After that I visited the operating room and inspected the equipment. The microscope and surgical device were very familiar and met our standards. The patient table, however, resembled more a metal plank bed.
All procedures were performed under local anaesthesia, but the patients were extremely cooperative despite the less than comfortable bedding.
My operation chair was some kind of office chair with limited adjustability for height, but after a while I got used to it. I was very pleased that the hygienic procedures were on a high level. This is reflected by the low infection rate in that department. All members of the surgical staff were well trained.
I noticed the engagement and enthusiasm of the surgical nurses who welcomed the “small incision” instruments and other new items.
Over the following three days I performed a total of six retinal operations and vitrectomies (as in phakic or pseudo phakic patients with retinal detachment, vitreous hemorrhage or macular diseases). Dr. Ljubo assisted me with all patients. Furthermore, I assisted her with two patients with macular holes. For two patients, I performed a combined cataract and retinal operation. We worked with endolaser and silicone oil tamponade, did membrane peelings and performed mainly 23-gauge but also 20-gauge vitrectomies.
Two of our patients were so-called “one eyed patients” with severe retinal detachments in their good eye. They were urgently included to preserve their eyesight. These patients were already nearly blind and had to be escorted to the clinic. One patient came in a few days later for a follow-up examination and gratefully reported that he had come alone to the clinic without any help of an escort. These wonderful moments lend meaning to what I am doing and I am very grateful that I am allowed to help people to preserve their precious eyesight.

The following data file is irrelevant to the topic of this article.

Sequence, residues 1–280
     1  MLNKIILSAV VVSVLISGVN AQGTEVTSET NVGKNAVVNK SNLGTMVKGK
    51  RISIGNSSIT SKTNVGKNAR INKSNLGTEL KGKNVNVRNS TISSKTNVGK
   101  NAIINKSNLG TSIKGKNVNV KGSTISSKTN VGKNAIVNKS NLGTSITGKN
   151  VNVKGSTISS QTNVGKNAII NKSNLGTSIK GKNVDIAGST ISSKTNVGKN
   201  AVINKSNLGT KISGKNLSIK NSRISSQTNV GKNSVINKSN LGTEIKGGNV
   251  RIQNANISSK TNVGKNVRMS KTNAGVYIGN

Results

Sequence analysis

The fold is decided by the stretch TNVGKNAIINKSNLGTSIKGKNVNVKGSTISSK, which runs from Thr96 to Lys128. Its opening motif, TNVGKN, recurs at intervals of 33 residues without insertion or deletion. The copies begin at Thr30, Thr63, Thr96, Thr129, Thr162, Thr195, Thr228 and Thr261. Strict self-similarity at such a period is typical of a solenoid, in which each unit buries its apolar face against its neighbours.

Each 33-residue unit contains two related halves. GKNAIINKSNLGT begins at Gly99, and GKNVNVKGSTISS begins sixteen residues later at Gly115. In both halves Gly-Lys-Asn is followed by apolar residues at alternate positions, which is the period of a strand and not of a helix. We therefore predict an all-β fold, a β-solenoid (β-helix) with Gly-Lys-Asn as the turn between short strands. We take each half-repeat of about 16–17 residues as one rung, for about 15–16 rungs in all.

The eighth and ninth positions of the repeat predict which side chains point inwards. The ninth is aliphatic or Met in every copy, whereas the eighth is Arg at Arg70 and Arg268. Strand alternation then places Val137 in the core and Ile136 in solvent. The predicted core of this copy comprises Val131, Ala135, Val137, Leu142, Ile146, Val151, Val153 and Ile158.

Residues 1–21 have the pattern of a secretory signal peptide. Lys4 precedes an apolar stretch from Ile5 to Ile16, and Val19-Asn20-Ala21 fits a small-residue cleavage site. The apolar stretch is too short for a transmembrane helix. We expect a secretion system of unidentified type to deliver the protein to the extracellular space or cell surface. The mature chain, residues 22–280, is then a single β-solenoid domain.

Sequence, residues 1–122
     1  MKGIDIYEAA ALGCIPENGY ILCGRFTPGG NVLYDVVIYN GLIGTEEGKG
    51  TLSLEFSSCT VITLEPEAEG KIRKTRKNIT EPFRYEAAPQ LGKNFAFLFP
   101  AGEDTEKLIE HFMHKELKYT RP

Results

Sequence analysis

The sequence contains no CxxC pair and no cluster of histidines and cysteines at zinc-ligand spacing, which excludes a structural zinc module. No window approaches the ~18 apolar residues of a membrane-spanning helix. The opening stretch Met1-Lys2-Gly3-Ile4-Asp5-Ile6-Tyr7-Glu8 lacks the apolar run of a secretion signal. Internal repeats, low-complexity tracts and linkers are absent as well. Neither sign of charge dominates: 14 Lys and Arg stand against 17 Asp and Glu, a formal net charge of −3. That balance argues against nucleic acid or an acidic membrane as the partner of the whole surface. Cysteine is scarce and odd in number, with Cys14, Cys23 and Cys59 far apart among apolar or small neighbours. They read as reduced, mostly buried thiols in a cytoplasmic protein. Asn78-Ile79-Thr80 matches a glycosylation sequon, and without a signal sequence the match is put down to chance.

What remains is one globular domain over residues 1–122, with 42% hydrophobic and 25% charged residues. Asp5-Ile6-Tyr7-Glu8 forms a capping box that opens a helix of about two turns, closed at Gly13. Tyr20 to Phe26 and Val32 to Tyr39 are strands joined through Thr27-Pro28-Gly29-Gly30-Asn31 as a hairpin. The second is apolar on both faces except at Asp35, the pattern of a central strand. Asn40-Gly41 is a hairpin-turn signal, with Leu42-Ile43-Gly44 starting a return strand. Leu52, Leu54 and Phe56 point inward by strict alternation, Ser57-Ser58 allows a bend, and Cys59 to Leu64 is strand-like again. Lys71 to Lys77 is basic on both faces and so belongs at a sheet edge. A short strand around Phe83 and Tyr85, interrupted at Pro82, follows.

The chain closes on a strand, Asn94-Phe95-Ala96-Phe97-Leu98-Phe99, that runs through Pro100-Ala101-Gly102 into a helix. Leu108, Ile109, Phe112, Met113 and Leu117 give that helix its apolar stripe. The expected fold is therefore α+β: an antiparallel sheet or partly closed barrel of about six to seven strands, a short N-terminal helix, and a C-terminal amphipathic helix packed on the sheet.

We managed to perform two to three retinal operations per day, encountering more or less severe difficulties, like old and frail equipment, missing of usually available items and other minor obstacles. The packages I had brought along functioned perfectly and we could work successfully with the seamless small incision systems (23-gauge instruments).
For lunch they always cooked, and we ate our meals sitting on the floor of a room next to the operating room. In the evening we were deservedly tired because the eye operations were strenuous and we did not take many breaks. On the third day, while sterilizing the instruments between two operations, we noticed a soft sound of snoring. A surgical assistant had dozed off in a corner of the room and was awakened only by our laughter.
I am optimistic that Dr. Ljubo will treat patients with macular diseases by herself. She is a very skilled surgeon which I realized during procedures in the anterior segment of the eye.
The post operative control examinations I did went as I had wished for. The patients had no discomfort, looked fine and were extremely grateful. I could also advise the patients on proper behavior and further therapies.
Communication was mostly unproblematic, because almost everyone speaks English, the second official language of Uganda besides Swahili.
I really enjoyed the very pleasant atmosphere in the ophthalmic department and felt cordially welcome from the first moment on and during my entire stay.
Friday afternoon, I finally said goodbye to the whole team and promised to come back with more equipment, if everything went according to plan.
While spending time and operating, I got several helpful ideas for improvements, which will benefit the ophthalmic department and its patients.
In summary, the week in Kampala was very strenuous and challenging, but it brought also many gratifying moments I would not want to miss. This stay has enriched me not only professionally but also personally. And it has brought new friends into my life.